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FIGURE 3. BF-based oxygen concentrations compared with correspondence analysis (CA) Axis 1 (A,C) and the Mn/Ti ratio (B,D) as an independent oxygenation proxy. Red stars correspond to modern-day values. Black bars indicate the calendar age uncertainty ranges which have been recalculated from the AMS14C dates from Max et al. (2012). Numbers indicate the weighted means of the calendar ages; raw AMS14C dates are given in brackets. Color bars mark warm (light orange) and cold (light blue) intervals, according to the North Atlantic climatostratigraphy. Note that the AMS14C dates were converted into calendar ages by assuming variable surface reservoir ages, according to Butzin et al. (2017), and the Intcal20 atmospheric calibration curve (Reimer et al., 2020). The means and AMS14C dates are written in kiloyears. Red number with a star highlights age reversal. The red and light blue shades represent the 23% uncertainty of the estimates for cores SO201-2-85KL and SO201-2-77KL, respectively, (Tetard et al., 2021a). B/A, Bølling/Allerød; YD, Younger Dryas; EH, Early Holocene.

Semi quantitatively reconstructed near-bottom oxygen concentrations exhibit relatively high and stable values around 2 ml L−1 during LGM–the onset of the B/A at the core site 85KL, whereas they show high-amplitude variations within about 0.90–2.50 ml L−1 during LGM–H1 at the deeper core site 77KL (Figures 3A,C). Very low oxygen content between 0.07 and 0.50 ml L−1 is documented for the middle B/A–EH interval, with a slight increase in oxygenation at the beginning of the YD at the core site 85KL. At the deeper location (site 77KL), the short-term minimum of dissolved oxygen concentrations (0.08 ml L−1) is estimated at the beginning of B/A. Then the oxygen content increases up to 0.85 ml L−1 in the middle of YD and, after the second minimum of 0.30 ml L−1 during the end of YD–EH, oxygen concentrations gradually increase to present-day values of 1.60–1.70 ml L−1 during the Holocene.

Based on BF data from Core MD01-2415 (Bubenshchikova et al., 2015), oxygen concentrations in the Sea of Okhotsk oxygen vary between 1.20 and 2.0 ml L−1 during H1, 0.50 and 1.20 ml L−1 during the B/A–EH, and 0.50 and 2.0 ml L−1 during the remainder of the Holocene.

Foraminiferal Abundance and Accumulation Rates

BF abundance and accumulation rates display maxima within the B/A and EH in Core 85KL and during the B/A and YD in Core 77KL (Figure 4). The BF abundance is more pronounced during the B/A (2.5 × 103 tests g−1) than during the YD (1 × 103 tests g−1) in Core 77KL; however, it is more distinct during the EH (2.6 × 103 tests g−1) than during the B/A (1.5 × 103 tests g−1) in Core 85KL. During the LGM–H1 and mid-late Holocene intervals, BF abundance and accumulation rates are low and do not exceed 0.6 × 103 tests g−1 and 3.7 × 103 tests cm−2 kyr−1, respectively, in both cores. BF-to-PF ratio demonstrates two maxima during the B/A and EH in Core 85KL. Maximal values of this proxy are associated with the H1, YD, and mid-Holocene (Figure 4). Variable values of BF-to-PF ratio are documented from Core 77KL.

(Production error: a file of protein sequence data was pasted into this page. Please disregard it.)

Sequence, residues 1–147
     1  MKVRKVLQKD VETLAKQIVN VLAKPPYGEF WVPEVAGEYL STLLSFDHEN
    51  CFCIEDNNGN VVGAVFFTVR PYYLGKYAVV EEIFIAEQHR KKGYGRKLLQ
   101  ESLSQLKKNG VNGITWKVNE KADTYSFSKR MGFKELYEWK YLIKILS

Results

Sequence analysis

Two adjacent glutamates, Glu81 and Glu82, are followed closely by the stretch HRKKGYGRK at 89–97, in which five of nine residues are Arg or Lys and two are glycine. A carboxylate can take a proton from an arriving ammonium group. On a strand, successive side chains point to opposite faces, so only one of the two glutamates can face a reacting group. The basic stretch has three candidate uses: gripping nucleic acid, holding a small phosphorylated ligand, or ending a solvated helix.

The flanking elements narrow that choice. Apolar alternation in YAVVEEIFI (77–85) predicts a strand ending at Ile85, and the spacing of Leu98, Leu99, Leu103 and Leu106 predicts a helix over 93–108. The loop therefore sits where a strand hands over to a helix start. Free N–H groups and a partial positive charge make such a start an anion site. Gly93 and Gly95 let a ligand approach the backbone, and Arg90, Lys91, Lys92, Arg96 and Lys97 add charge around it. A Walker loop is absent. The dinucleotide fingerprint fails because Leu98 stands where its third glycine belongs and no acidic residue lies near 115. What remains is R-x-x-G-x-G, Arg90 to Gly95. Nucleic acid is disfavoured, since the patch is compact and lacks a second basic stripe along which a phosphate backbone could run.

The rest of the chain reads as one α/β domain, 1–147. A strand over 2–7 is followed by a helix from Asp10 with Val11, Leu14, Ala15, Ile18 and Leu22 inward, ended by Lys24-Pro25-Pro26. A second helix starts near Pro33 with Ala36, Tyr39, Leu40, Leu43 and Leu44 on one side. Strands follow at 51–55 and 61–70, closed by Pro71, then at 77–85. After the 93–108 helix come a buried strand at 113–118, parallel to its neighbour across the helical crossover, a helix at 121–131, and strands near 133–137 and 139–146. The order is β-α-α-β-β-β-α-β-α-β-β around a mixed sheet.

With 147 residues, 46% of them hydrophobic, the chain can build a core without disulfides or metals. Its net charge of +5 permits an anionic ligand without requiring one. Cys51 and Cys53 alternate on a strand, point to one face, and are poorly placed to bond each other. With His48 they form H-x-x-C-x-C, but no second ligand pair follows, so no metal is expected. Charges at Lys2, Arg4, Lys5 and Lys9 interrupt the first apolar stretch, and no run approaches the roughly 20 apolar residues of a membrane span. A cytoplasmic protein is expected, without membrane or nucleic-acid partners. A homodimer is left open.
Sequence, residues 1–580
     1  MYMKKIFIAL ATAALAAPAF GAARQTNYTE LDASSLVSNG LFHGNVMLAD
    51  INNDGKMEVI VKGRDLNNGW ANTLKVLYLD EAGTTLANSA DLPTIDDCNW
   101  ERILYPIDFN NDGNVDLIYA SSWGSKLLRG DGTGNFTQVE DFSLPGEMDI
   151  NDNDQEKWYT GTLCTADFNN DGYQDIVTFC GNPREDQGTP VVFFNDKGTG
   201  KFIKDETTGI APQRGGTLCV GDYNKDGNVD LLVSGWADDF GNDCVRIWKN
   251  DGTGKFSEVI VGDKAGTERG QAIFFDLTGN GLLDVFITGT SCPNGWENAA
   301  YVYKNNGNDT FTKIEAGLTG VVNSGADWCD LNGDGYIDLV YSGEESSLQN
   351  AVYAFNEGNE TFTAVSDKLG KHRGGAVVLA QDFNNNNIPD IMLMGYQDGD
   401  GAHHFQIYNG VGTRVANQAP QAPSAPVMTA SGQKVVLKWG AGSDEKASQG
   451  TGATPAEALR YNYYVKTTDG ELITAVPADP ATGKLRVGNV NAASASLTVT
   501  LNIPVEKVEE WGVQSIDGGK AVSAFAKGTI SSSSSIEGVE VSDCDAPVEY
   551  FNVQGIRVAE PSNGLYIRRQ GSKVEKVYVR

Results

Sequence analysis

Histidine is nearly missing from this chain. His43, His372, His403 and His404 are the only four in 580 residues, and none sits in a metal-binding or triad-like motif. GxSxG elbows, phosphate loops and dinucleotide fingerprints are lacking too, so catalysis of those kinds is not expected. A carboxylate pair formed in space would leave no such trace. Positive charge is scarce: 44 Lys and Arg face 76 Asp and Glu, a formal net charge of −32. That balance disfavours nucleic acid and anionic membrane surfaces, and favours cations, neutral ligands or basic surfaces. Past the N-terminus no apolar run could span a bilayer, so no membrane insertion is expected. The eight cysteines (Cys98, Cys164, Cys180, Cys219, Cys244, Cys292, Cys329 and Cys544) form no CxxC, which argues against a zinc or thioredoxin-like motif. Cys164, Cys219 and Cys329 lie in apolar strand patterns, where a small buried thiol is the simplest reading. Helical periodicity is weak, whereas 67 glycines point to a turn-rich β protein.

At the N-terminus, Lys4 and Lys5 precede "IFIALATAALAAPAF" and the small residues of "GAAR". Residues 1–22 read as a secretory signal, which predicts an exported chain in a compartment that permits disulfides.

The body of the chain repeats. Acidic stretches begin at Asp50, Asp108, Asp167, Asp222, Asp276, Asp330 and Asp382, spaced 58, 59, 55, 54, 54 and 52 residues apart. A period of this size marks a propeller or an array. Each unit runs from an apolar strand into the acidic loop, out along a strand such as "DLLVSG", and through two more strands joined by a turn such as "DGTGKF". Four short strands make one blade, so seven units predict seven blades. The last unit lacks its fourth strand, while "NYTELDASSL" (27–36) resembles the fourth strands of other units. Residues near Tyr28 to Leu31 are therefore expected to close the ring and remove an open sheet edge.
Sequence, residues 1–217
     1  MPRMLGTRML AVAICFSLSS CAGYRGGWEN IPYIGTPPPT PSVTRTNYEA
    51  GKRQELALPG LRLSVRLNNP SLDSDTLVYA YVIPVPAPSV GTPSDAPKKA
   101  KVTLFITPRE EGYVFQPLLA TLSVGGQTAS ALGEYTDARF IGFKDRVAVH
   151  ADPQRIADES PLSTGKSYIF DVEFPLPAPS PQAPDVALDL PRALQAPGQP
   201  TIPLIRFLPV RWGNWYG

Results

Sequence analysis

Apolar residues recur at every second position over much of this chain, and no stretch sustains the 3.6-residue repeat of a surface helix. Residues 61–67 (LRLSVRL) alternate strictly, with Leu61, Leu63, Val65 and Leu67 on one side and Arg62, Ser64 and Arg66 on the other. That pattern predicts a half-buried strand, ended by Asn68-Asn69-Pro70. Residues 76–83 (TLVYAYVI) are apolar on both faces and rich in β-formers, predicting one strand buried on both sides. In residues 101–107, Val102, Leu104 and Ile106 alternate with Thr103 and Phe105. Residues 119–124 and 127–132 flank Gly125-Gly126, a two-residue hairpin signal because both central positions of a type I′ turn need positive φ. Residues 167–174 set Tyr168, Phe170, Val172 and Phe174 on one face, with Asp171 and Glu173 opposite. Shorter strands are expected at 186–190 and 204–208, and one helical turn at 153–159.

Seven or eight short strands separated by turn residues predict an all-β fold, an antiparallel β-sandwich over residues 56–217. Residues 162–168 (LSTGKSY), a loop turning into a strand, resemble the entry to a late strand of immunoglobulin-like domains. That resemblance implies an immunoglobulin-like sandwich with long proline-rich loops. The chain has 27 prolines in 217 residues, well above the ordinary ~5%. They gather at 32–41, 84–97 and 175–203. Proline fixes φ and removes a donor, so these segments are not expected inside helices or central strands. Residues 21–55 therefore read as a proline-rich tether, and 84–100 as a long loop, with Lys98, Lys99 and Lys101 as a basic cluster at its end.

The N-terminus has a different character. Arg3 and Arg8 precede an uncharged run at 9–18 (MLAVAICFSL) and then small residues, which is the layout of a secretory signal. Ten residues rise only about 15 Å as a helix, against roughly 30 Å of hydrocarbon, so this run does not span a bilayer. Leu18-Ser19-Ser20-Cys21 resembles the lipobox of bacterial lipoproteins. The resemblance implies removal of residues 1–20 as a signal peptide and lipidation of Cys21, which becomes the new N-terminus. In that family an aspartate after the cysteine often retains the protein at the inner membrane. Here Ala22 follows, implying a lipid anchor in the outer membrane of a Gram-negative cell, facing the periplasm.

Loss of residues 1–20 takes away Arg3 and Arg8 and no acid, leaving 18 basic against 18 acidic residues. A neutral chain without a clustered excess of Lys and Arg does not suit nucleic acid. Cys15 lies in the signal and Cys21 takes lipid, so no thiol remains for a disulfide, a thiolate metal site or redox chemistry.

FIGURE 4
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FIGURE 4. Oxygen estimates, productivity, ventilation, and preservation proxies from Core SO201-2-85KL (A) and Core SO201-2-77KL (B) relative to the Northern Greenland ice core record (NGRIP δ18O, AICC2012 timescale, Veres et al., 2013) and the Antarctic isotopic signatures (EDML δ18O, EPICA community members, 2006), TOC records after (Riethdorf et al., 2013a), benthic foraminiferal abundance (BF) and accumulation rates (BFAR) from Core SO201-2-85KL, according to (Ovsepyan et al., 2013, 2017), BF-to-PF ratio, δ13CC.wuellerstorfi from Core SO201-2-85KL after (Max et al., 2014) and δ13CU. akitaensis/auberiana from Core SO201-2-77KL according to (Riethdorf et al., 2013b). Note that the North Atlantic climatostratigraphy has been applied to both groups of proxy records. Color bars mark warm (light orange) and cold (light blue) intervals, according to the North Atlantic climatostratigraphy (AICC2012 timescale, Veres et al., 2013). The red shades represent the 23% uncertainty of the estimates for cores SO201-2-85KL and SO201-2-77KL (Tetard et al., 2021a). Acronyms as in Figure 3.

XRF Data

Variations in the Mn/Ti ratio exhibits two spikes corresponding to CA Axis 1 minima at the onset of B/A and during the YD in Core 77KL and in the middle of B/A and YD in Core 85KL (Figures 3C,D). The most pronounced Mn/Ti maxima are related to the YD interval in both cores.

Discussion

Oxygenation Changes on the Shirshov Ridge During Termination I